Pleter M91: Croatia’s High Quality STUzi

The Pleter M91 is a simple design, but a high-quality one that was manufactured by a proper factory production line. The company making it was planning on (hoping for?) large-scale production, and they invested to proper polymer molds and other tools to make the gun. A total of about 4500 were made, making it the most-produced of the many Croatian domestic submachine guns.

Mechanically, the gun is most closely related to the Sten – which is clear when one sees the bolt. The magazine chosen was the Uzi magazine, and these were all chambered for 9mm. A small number were made with vented barrels and suppressors, but I don’t have one of those to show you.

A big thanks to the Croatian Police Museum (Muzej Policije) in Zagreb for giving me access to film this rare piece for you! Check them out at:


  1. It uses 1:1 copy of Uzi magazine (newer type), not modified in any way!

    Its kinda shameful that museum does not have a magazine, not that its impossible item to find anywhere, especially the guns being fielded by army (and maybe police probably).

  2. There was an AR-9 magazine adapter that also used unmodified Uzi magazines, allowing you to convert your AR-15 into a 9x19mm w/ this odd welded steel foregrip sticking out of the magwell. Sadly, it’s out of production.

    • claims that
      A two position feed magazine of Uzi design was typically incorporated into the Pleter submachine gun of 25 and 32 round capacity. A large number of variants existed that interfaced the Swedish Carl Gustav M45 36 round magazines and 72 round Soumi submachine gun drum magazines. This was engineered into the system to utilize the existing magazines available. In reality, this was a gun for all magazines that the country had on hand at the time.
      But it was really so? Do they have stockpile of said magazines, especially older SUOMI 72 round drums?

      • securityarms is a shitty website with a lot of copy pasted dubious information.
        However it is at least partially true (described in Soldier of fortune article) that when Pleter was in prototype stage in summer of 1991. they made variants that were fed with different magazines, probably obtained in surplus stores freely on western europe markets. The guy Ian mentioned in the video, talked in article recently (few years ago) how they smuggled carload of magazines across the border as pretense of humanitarian aid – and NOT machines, Ian confused something.
        But ofc the serial production model from 1992. used uzi magazines, to be correct, their domestically made copy of it, as importation from aboard was not possible in numbers for serial production.
        Theoretically they could buy from Germany mp2 magazines, but its obvious they did not want to sell – they sent absolutely no military aid, yet being loaded from surplus cold war stuff.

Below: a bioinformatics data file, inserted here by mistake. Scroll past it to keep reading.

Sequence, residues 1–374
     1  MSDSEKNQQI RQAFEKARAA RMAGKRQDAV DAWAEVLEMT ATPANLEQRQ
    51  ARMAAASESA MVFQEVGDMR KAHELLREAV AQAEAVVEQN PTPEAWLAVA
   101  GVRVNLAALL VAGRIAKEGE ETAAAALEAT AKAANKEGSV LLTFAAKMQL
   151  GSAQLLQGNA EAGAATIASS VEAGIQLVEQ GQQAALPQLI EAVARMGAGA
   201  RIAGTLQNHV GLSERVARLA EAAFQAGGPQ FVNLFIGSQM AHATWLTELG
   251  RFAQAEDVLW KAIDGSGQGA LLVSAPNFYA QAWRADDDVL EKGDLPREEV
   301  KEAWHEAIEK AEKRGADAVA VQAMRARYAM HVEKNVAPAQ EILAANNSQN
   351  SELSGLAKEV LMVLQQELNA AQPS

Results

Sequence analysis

• I dont think its impossible to replicate something like that again, much better then cutting new extra holes on magazines, though you get a stickout, true.

  3. “(…)small number were made with vented barrels and suppressors, but I don’t have one of those to show you(…)”
    Photo of Prigušen which is suppressed derivative of Pleter 91 can be seen at
    in upper right quarter. It is to my understanding museum exhibit called Oružje vukovarska vojarna though I am unable to detect which museum is it.
    Stock used is visually similar to one found in Vigneron M2 which make me wonder if they have one as sample during designing or it is total coincidence?

    • Oružje vukovarska vojarna means: firearms Vukovar Barracks, its just name of a photo file, they have a small museum there, in former JNA army barracks, that were during the war controlled by JNA and a constant thorn in the side of defenders. Afterwards from 1998. Croat. army used these barracks.

      Nobody had a Vigneron, its visual similarity.

  4. On the subject of these SMGs getting into the hands of organized crime syndicates …. I never understood who financed the civil wars in the former Yugoslavia, until I read the book “Whistleblower” written by a female American police officer who served in the former Yugoslavia under a United Nations contract. She described how Serbian, etc. criminal gangs smuggled drugs, sex slaves, etc. across lines. Some times these criminal gangs even used U.N. labelled ambulances. These sex slaves were being smuggled from then USSR into Western Europe, North America, etc. Meanwhile marijuana, hashish, opium, etc. were being smuggled from Afghanistan into Western Europe.
    Ho hum!
    Just a continuation of the thousand-year-old tradition of luxury goods following the old Silk Roads.

    • In Serbia in the 90s, criminal groups and clans exploded, because that was quickest ticket to wealth (and for majority of them, early death, men in their 20s). However, I wouldnt stretch them to be so powerful as to rule the whole country or directly finance the majority of war.
      As for the “sex slaves”, in the 90s many eastern europe women , like from Ukraine and such, voluntarily went to the west for prostitution, as they were unemployed in their home countries (some of them having even college degrees like from Law, Medicine etc.), so sometimes its not that everbody is a victim.
      Even today, in Germany and other parts of EU, there are legal brothels in every town that are filled with eastern european women, who do not have a pimp, and certainly are not a member of any criminal organisation.

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